Haiti is all set to start vaccinating one lakh people with an oral cholera vaccine “Sahchol” developed by the Hyderabad-based Shantha Biotechnics. According to a news report in the British Medical Journal (BMJ), the first phase of the campaign will be targeting 50,000 people living in Port-au-Prince and will be followed by a further 50,000 in the Artibonite River valley. The vaccination programme became possible with the Haiti's National Ethics Committee approving the oral cholera vaccine.
“Partners in Health, an NGO based in Boston bought 2 lakh doses from us,” Haris Iyer, Chief Executive Officer of Shantha Biotechnics told The Hindu over phone. “This would be used for vaccinating one lakh people.”
Single dose of the vaccine was procured from Shantha Biotechnics at the rate of $1.85. According to Dr. Iyer, the oral vaccine can be used for vaccinating people older than one year. “We have not yet tested it in infants. It will be tested sometime in the future,” he said.
The company sold the vaccine in small quantities to Uganda and Solomon Islands late last year-early this year.
“Sahchol” is a 2-dose vaccine, and the second dose is given two weeks after the first dose. The oral cholera vaccine that was developed through the International Vaccine Institute (IVI), an international organization established by the United Nations and based in Seoul, received prequalification from the World Health Organization (WHO) in November last year.
A Phase III clinical trial of the vaccine (2-dose regimen) was conducted by IVI and scientists at the National Institute of Cholera and Enteric Diseases, Kolkata to evaluate the safety and effectiveness in people one year and older. “The vaccine was found to be safe and protective for three years,” Deepika Sur told The Hindu over phone.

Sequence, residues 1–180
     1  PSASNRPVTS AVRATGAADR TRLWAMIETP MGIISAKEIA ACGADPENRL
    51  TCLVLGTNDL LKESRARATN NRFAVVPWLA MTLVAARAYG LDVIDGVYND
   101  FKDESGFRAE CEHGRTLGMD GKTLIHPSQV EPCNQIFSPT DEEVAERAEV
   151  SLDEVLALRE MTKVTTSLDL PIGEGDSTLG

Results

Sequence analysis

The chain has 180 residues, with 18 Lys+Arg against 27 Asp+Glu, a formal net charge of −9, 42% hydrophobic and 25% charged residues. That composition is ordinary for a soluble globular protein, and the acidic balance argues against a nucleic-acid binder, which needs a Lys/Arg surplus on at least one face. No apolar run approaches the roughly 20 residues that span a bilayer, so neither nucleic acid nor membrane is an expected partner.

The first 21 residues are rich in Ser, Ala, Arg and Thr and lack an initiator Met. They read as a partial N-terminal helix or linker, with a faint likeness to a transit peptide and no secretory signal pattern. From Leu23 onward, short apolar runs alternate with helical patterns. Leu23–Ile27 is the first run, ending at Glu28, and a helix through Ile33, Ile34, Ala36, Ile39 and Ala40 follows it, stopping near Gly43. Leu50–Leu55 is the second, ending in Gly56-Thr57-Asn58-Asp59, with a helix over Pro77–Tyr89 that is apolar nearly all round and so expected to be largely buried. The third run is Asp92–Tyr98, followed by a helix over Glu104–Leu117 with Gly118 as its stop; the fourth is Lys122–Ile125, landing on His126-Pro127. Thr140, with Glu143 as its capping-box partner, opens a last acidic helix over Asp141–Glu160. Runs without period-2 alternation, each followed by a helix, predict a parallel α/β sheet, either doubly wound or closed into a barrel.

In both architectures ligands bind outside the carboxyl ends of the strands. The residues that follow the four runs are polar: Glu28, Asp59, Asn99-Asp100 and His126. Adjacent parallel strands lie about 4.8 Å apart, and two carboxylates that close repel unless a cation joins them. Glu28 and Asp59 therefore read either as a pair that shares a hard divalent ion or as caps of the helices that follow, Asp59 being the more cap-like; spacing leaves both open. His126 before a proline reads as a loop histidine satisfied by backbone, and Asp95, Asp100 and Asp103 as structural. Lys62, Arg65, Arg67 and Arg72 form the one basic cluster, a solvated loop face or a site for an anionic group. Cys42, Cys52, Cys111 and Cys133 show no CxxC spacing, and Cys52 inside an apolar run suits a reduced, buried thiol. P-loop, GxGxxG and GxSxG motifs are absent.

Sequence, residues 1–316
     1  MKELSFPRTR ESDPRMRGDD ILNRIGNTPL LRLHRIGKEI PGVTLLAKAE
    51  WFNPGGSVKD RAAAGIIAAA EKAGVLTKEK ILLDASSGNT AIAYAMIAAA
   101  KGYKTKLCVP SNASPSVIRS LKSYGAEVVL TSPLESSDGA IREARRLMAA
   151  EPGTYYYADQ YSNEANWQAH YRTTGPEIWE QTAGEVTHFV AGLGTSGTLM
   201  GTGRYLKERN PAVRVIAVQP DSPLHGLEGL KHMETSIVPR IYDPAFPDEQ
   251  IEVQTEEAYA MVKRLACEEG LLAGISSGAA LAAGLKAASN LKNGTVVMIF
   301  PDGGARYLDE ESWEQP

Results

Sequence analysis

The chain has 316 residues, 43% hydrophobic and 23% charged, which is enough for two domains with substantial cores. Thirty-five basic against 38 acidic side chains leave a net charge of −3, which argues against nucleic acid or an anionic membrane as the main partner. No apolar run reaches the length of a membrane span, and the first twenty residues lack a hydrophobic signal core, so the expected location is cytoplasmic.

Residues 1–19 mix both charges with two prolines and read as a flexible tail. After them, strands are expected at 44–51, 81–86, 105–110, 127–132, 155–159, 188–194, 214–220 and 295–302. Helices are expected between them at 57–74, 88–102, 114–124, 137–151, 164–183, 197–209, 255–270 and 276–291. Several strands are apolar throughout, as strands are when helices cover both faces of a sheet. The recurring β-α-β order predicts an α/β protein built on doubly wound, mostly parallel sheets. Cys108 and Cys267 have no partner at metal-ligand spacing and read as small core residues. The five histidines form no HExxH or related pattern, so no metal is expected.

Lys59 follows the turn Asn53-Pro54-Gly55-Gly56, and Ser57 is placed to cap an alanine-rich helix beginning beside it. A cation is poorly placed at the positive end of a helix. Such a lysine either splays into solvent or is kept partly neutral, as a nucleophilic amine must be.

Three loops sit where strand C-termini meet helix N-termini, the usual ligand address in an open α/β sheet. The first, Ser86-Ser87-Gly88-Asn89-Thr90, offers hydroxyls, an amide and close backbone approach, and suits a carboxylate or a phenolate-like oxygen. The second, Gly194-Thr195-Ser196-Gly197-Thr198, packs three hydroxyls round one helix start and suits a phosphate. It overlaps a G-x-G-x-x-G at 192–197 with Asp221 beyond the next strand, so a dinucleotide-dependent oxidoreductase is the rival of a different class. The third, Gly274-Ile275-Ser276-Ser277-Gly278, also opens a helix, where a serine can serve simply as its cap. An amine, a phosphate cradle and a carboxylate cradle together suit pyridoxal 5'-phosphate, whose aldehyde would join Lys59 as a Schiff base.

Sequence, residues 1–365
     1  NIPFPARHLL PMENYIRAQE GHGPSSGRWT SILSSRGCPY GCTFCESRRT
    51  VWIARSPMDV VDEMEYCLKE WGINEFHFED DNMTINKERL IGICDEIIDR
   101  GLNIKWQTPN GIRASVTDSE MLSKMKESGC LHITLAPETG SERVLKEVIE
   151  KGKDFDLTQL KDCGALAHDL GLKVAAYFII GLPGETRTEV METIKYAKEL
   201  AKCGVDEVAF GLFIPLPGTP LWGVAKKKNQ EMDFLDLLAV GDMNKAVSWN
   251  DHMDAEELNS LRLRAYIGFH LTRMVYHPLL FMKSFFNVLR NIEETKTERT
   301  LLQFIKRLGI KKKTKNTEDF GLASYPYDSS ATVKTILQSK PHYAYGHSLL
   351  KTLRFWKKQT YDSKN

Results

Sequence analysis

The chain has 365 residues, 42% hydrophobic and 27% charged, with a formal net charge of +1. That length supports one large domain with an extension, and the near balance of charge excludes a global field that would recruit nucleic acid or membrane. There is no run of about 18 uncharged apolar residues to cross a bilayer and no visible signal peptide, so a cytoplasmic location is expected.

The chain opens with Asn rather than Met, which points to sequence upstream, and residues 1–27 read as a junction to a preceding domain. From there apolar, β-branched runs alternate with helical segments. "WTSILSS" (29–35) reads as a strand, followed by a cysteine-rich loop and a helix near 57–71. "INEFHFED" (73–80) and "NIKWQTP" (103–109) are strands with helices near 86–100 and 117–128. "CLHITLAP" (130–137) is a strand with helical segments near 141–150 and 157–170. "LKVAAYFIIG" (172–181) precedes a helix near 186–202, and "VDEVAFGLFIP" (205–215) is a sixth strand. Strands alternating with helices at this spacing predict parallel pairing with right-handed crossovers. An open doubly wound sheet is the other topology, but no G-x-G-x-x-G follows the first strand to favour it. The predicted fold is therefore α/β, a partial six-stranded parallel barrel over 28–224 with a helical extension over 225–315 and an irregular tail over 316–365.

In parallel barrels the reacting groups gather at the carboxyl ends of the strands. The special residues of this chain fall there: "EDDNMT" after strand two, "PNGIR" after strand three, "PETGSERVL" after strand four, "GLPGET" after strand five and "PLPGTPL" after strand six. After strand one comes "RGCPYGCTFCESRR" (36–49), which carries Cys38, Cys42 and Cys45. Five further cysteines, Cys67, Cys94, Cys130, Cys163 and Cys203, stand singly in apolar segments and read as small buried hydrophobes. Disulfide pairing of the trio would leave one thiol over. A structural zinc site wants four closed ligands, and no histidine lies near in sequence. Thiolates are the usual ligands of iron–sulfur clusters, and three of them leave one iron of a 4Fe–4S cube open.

“We followed-up 1.10 lakh people for five years,” said Dr. Sur the Principal Investigator of the trial. “At the end of two years we found it protective. At the end of three years also it was found to be protective.” The Institute is currently analysing the data of the 5-year follow up that got over in September 2011. “If protective for five years then it will be useful as a public health tool,” she said. The institute intends to test the vaccine in infants younger than one year and also see the protective effect when given as a single dose. “When there is an outbreak situation, can't go in for two doses,” Dr. Sur explained. “So even if a single dose is effective for just one year it will be good enough in a cholera outbreak situation.”